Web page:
From Overweight Teen to Beauty Queen

Miss America contestant Bree Boyce’s 112-pound weight loss has inspired her to spread the message about the real meaning of beauty—and how to get fit the healthy way.

Amy Spencer
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To that end, Bree wants to work with First Lady Michelle Obama on the “Let’s Move” program, an initiative to fight childhood obesity. “You don’t have to be a size 00 or weigh 100 pounds to be happy and feel good about yourself,” she says. “It’s all about being healthy.” Read on to find out how Bree dropped the pounds.

Bree’s road to weight loss
Cut out one thing. Ease into a new eating plan by eliminating one problem food. For Bree, it was soda. “I was drinking maybe 10 cans a day,” she says. “Once I stopped, I felt a huge difference in my body.”

Screen-save your old self. Instead of motivating yourself with photos of how you want to look, remind yourself of how you don’t. “I have pictures of how I used to look on my phone,” says Bree. “So if I’m tempted to skip a workout, I’ll look at my picture and tell myself, You’ve come this far; you need to go to the gym.”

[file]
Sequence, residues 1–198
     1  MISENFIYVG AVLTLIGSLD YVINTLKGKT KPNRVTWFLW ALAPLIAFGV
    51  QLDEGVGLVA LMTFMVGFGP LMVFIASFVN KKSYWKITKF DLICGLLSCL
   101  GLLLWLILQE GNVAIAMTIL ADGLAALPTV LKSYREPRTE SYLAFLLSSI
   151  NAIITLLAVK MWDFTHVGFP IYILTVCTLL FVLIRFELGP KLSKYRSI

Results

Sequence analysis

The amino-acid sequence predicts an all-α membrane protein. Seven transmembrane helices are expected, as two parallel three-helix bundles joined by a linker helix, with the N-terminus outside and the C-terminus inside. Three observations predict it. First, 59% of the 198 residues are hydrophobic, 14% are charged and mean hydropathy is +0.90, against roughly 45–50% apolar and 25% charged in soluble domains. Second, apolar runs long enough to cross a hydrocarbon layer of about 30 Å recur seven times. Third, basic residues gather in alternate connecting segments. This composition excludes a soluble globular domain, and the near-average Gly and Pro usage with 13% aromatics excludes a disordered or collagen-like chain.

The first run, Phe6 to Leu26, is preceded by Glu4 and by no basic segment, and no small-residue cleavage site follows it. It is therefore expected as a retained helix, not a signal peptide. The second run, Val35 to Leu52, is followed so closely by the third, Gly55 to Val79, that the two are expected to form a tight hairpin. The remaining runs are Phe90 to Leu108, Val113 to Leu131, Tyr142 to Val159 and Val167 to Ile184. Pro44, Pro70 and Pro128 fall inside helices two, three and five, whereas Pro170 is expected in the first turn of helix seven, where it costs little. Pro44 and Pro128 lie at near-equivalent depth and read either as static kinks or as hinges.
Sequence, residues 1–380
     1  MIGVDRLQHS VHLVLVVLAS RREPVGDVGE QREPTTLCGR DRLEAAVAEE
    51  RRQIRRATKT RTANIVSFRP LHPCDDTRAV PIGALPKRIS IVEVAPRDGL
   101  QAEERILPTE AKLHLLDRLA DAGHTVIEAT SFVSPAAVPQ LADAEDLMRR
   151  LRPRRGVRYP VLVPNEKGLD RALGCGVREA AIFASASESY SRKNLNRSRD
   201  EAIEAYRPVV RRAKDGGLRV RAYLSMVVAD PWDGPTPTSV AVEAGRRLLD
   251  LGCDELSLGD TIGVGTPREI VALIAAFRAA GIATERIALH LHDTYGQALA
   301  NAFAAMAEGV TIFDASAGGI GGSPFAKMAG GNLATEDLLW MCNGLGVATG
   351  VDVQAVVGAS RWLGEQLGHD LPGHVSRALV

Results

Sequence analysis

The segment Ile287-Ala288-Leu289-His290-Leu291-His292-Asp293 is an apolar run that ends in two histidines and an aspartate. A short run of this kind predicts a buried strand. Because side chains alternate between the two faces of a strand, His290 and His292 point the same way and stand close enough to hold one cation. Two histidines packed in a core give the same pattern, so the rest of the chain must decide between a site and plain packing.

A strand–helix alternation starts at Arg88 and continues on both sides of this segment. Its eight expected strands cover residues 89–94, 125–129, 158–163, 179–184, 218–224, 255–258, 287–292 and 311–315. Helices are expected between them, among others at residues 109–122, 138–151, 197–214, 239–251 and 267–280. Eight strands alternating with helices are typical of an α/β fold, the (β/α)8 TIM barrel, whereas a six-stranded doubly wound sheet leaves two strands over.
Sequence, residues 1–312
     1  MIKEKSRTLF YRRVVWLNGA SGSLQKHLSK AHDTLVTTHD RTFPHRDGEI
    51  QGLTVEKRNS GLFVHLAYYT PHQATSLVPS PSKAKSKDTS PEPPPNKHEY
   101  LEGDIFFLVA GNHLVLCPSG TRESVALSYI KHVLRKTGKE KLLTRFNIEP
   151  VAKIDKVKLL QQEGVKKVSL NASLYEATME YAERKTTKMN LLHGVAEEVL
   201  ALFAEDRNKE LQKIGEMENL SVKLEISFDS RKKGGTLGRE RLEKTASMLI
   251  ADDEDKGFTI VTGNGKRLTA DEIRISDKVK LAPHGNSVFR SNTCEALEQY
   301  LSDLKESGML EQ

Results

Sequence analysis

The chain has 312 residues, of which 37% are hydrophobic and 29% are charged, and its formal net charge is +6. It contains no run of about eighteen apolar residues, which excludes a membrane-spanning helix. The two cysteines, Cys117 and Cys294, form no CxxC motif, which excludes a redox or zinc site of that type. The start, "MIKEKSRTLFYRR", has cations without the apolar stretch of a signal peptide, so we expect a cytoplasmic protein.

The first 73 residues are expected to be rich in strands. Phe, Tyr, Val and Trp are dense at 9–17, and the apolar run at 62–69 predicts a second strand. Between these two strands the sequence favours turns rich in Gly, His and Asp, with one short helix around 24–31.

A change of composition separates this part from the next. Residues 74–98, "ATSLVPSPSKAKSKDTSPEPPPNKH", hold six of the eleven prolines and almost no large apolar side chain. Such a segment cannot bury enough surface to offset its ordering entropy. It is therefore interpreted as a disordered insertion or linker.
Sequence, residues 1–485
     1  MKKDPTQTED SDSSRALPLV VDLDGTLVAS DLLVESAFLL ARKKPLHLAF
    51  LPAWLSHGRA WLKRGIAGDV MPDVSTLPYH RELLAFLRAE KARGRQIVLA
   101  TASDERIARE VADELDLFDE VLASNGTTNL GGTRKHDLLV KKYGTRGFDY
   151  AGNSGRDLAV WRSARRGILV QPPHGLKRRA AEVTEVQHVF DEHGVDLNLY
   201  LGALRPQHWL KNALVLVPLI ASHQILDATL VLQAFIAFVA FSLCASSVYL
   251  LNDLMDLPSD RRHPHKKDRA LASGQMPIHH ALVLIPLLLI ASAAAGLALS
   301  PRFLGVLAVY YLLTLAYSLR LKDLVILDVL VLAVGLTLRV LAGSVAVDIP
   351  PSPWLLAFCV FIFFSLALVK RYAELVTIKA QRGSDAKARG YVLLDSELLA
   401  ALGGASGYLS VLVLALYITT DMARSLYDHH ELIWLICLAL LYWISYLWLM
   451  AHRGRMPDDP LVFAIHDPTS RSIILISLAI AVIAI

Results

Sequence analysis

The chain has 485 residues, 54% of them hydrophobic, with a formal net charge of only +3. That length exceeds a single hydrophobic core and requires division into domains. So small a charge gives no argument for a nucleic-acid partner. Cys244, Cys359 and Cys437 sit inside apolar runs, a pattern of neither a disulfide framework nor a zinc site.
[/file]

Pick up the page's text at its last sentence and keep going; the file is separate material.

Chart a route to health—literally. Bree mapped out a one-mile route through her neighborhood. “The first week I couldn’t walk the mile, but I made it about 10 minutes,” she says. Today, she walks five miles every day, which takes her about an hour. “It’s the best stress reliever.”

Put your sneakers in your path. If you trip over your sneakers, you’ll be more likely to put them on. “I keep my sneakers by my door,” says Bree.

Fill your iPod with new music and podcasts. Getting excited about a new song or podcast might motivate you to head outside for a workout, so download something new every week.

Billboard a “You can do it” attitude. Remind yourself that your goal is within your reach. “I write motivational quotes on sticky notes and put them on my steering wheel,” says Bree. “I read the quotes to myself all day long, and they stick.”

Eat like your great-grandma. Bree cut processed foods out of her diet and focused on whole foods: protein, grains, beans, vegetables and fruit.

January 2012